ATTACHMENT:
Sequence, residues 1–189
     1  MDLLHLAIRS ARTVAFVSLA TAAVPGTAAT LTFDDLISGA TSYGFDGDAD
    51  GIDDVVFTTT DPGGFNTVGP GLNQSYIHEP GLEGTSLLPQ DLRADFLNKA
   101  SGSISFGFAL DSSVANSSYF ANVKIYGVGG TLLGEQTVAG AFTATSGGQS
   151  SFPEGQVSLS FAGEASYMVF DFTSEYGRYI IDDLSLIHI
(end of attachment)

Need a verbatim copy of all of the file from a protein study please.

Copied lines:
Sequence, residues 1–189
     1  MDLLHLAIRS ARTVAFVSLA TAAVPGTAAT LTFDDLISGA TSYGFDGDAD
    51  GIDDVVFTTT DPGGFNTVGP GLNQSYIHEP GLEGTSLLPQ DLRADFLNKA
   101  SGSISFGFAL DSSVANSSYF ANVKIYGVGG TLLGEQTVAG AFTATSGGQS
   151  SFPEGQVSLS FAGEASYMVF DFTSEYGRYI IDDLSLIHI